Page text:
Pain disrupts attention to prioritise avoidance of harm and promote analgesic behaviour. This could in turn have negative effects on higher-level cognitions, which rely on attention. In the current article, we examined the effect of thermal pain induction on 3 measures of reasoning: the Cognitive Reflection Test, Belief Bias Syllogisms task, and Conditional Inference task. In experiment 1, the thermal pain was set at each participant's pain threshold. In experiment 2, it was set to a minimum of 44°C or 7/10 on a visual analogue scale (whichever was higher). In experiment 3, performance was compared in no pain, low-intensity pain, and high-intensity pain conditions. We predicted that the experience of pain would reduce correct responding on the reasoning tasks. However, this was not supported in any of the 3 studies. We discuss possible interpretations of our failure to reject the null hypothesis and the importance of publishing null results.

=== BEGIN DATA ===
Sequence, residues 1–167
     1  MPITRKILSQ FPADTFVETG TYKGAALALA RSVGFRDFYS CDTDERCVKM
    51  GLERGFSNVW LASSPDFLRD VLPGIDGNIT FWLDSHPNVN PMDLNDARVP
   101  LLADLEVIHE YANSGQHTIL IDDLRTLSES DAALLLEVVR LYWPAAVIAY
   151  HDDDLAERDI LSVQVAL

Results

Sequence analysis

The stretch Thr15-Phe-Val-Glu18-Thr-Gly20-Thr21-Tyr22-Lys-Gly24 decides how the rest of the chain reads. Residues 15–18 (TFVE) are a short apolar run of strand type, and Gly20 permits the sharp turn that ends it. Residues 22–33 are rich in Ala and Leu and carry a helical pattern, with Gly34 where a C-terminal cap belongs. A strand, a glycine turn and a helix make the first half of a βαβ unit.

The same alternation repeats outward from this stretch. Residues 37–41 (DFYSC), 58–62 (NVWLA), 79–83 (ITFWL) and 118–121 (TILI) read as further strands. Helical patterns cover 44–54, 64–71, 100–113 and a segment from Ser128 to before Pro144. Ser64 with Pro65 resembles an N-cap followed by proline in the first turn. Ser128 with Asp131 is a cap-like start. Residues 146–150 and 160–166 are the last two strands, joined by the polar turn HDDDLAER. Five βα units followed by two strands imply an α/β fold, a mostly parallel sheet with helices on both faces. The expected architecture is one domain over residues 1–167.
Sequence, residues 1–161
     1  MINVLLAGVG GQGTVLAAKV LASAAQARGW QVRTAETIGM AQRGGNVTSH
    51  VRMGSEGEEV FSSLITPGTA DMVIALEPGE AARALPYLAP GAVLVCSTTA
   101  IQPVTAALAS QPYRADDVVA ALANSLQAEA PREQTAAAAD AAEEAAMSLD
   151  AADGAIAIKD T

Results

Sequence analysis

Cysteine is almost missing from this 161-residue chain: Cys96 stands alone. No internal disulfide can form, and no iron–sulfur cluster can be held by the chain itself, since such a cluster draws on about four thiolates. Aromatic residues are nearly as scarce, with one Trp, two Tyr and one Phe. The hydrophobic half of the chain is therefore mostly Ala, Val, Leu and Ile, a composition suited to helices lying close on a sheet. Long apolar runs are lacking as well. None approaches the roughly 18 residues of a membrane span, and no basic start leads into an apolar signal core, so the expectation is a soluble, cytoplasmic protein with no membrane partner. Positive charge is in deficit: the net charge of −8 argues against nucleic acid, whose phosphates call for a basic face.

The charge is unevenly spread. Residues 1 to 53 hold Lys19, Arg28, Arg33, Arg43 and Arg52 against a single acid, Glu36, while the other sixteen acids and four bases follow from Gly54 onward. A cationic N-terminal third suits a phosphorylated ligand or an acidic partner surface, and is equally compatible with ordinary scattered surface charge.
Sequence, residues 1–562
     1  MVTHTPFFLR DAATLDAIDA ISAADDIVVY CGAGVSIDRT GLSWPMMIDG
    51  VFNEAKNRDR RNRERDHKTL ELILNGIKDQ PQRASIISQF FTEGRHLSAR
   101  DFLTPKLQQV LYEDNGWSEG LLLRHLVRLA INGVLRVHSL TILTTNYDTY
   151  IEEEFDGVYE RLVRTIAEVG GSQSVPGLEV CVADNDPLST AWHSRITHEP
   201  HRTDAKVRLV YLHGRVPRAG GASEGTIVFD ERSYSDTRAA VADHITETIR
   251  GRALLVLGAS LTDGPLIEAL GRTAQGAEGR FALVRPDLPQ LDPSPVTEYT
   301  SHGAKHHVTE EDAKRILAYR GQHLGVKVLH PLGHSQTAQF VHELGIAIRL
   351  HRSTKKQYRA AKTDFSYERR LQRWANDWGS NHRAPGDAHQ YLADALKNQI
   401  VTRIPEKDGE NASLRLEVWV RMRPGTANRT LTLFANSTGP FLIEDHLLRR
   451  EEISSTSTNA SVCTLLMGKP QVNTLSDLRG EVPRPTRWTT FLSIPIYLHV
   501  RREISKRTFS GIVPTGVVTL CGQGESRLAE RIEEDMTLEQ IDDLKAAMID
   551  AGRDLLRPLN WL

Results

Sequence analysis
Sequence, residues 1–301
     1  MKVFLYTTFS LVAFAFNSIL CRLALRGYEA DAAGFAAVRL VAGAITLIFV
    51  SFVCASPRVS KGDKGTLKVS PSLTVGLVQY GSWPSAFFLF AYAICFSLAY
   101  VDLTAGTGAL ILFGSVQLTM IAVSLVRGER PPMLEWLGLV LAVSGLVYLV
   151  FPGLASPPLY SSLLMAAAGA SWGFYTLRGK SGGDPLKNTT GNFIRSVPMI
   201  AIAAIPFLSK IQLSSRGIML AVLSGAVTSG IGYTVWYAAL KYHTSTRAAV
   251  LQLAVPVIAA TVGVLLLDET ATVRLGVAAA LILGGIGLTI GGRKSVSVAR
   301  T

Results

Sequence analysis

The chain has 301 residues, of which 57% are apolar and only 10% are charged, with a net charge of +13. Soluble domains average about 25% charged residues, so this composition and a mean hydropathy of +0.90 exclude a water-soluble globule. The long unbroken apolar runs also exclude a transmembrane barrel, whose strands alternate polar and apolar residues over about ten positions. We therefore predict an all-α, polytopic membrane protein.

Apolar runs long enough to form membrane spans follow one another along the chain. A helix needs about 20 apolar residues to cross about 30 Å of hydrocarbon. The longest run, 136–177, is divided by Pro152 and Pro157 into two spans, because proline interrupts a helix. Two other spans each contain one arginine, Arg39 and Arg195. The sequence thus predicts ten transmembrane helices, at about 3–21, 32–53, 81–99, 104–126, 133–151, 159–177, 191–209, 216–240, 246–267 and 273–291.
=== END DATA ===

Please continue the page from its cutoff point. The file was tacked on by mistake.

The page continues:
Pain disrupts attention, which in turn is important for logical reasoning. However, across 3 experiments, induced pain did not affect participants' logical reasoning behaviour.
aMathematics Education Centre, School of Science, Loughborough University, Loughborough, United Kingdom
bCentre for Pain Research, University of Bath, Bath, United Kingdom
cDepartment of Clinical and Health Psychology, Ghent University, Ghent, Belgium
Corresponding author. Address: 0.28 Schofield Building, School of Science, Loughborough University, LE11 3TU, United Kingdom. Tel.: +441509 223315. E-mail address: email@example.com (N. Attridge).
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Received September 07, 2018
Received in revised form January 02, 2019
Accepted January 08, 2019